http://www.appropedia.org/Water_diversion.
Nearly 80 percent of water consumed in the United States comes from surface
supplies rivers, creeks and lakes. In California alone, there are more than 25,000
points of diversion from streams. Thus, there are at least 25,000 locations in the
state at which fish and other river organisms can be harmed in the process of
meeting our need for water. In many dam investigations, the question comes down
to: could we still divert water if the dam is removed or modified, or not built at all?
In many cases, the answer is yes. Several, more river-friendly alternatives to
traditional permanent dam diversion methods are discussed below, including:

Infiltration galleries and wells


Screened pipe intakes
Seasonal dams
Consolidated diversions ,http://www.appropedia.org/Water_diversion

Fugure.1 water diversion structure.

12

Main river
Diverted
water

Figure 2.showing the main river and diverted blanch.


2.2 River channel water demand
River water demand includes sediment transmission water in flood season and
ecological water requirement in non-flood season.

a) Sediment transmission water in flood season


Consider sand reduction of water and soil conservation and sustainable main
channel, based on large amount of comprehensive analysis, the sediment
transmission water in flood season(Beijing, 2010)
b) The ecological water requirement in non-flood season

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Based on the comprehensive analysis of the Yellow River water resources, and
considering the current situation and future water supply and demand
situation.(Beijing, 2010).
2.3 Hydrology reach of the river
The operation of High Aswan Dam has its influence on flow rate and flow level
downstream Aswan Dam throughout the year. Historical records show remarkable
reduction in the maximum flow rate after High Aswan Dam. Although, Nile River
is regulated by High Aswan Dam throughout the year, the analysis of hydrological
data set shows increase in the released flow from High Aswan Dam during the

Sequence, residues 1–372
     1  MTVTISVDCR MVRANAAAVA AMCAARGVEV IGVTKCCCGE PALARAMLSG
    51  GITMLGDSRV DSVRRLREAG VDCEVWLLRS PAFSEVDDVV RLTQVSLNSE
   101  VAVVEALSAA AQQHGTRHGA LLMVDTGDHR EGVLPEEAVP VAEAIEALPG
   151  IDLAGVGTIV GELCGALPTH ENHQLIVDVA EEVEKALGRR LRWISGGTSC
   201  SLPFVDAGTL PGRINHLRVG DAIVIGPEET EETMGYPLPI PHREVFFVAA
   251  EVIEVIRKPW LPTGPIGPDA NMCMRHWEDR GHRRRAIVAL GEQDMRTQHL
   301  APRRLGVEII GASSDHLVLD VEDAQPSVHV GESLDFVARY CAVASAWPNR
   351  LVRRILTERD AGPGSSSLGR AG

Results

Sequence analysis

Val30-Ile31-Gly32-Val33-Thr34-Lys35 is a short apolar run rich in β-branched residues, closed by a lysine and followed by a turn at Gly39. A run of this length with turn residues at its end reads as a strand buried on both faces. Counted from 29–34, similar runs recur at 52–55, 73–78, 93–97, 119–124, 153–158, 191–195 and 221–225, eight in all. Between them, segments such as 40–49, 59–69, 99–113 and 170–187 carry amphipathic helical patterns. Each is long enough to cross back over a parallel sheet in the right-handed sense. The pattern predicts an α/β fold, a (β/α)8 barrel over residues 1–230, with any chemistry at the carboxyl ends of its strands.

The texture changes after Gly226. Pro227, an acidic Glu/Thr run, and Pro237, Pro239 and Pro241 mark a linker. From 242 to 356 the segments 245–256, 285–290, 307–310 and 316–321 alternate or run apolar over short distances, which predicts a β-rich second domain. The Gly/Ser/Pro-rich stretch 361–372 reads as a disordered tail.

period between 1995 and 2008. The variation on flow discharge throughout the
water year which extends between August and july of the following year is
remarkable. During the period of maximum flow rate, discharge can reach up to
4.5 times the minimum flow rate. The fluctuation in the flow rate is reflected on
the water level downstream Aswan .(Raslan & Salama, 2015)
Diversion Head Works
Any hydraulic structure which supplies water to the off-taking canal is called a
headwork. Headwork may be divided into two:
a. Storage headwork.
b. Diversion headwork. (NA, 2011)
A Storage headwork comprises the construction of a dam on the river. It stores
water during the period of excess supplies and releases it when demand overtakes
available supplies. A diversion headwork serves to divert the required supply to
canal from the river. A diversion head works (or a weir) is a structure constructed
across a river for the purpose of raising water level in the river so that it can be
diverted into the off taking canals.(NA, 2011)
Diversion headworks are generally constructed on the perennial rivers which have
adequate flow throughout the year and, therefore, there is no necessity of creating a
storage reservoir. A diversion head works must be differentiated from a storage
work or a dam. A dam is constructed on the river for the purpose of creating a
large storage reservoir. The storage works are required for the storage of water on a
non-perennial river or on a river with inadequate flow throughout the year. On the
other hand, in a diversion head works, there is very little storage, if any.

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If the storage on the upstream of a diversion head works is significant, it is called a


storage weir. If diversion headworks is constructed on the downstream of a dam
for the purpose of diverting water released from the u/s dam into the off taking
canals, it is called a pickup weir. Generally, the dam is constructed in the rocky or
the mountainous reach of the river where the conditions are suitable for a dam, and
a pickup weir is constructed near the commanded area in the alluvial reach of the
river.
A diversion head works serves the following functions: It raises the water level on
its upstream side, It regulates the supply of water into canals, It controls the entry
of silt into canals, It creates a small pond (not reservoir) on its upstream and
provides some pondage, It helps in controlling the vagaries of the river.

RIVERS AND THEIR FLOODPLAIN WETLANDS


Naturally flowing floodplain rivers are among the more dynamic ecosystems on
earth (Power et al. 1995), with enormous spatial and temporal complexity. River
flows determine the distribution patterns of channels, back swamps, marshes and
tributaries that make up the floodplain (Ward 1998). These floodplain wetlands
also include freshwater and saline lakes, anabranches, billabongs, lagoons,

15

overflows, swamps and waterholes in Australia. The flow regime of a river, and its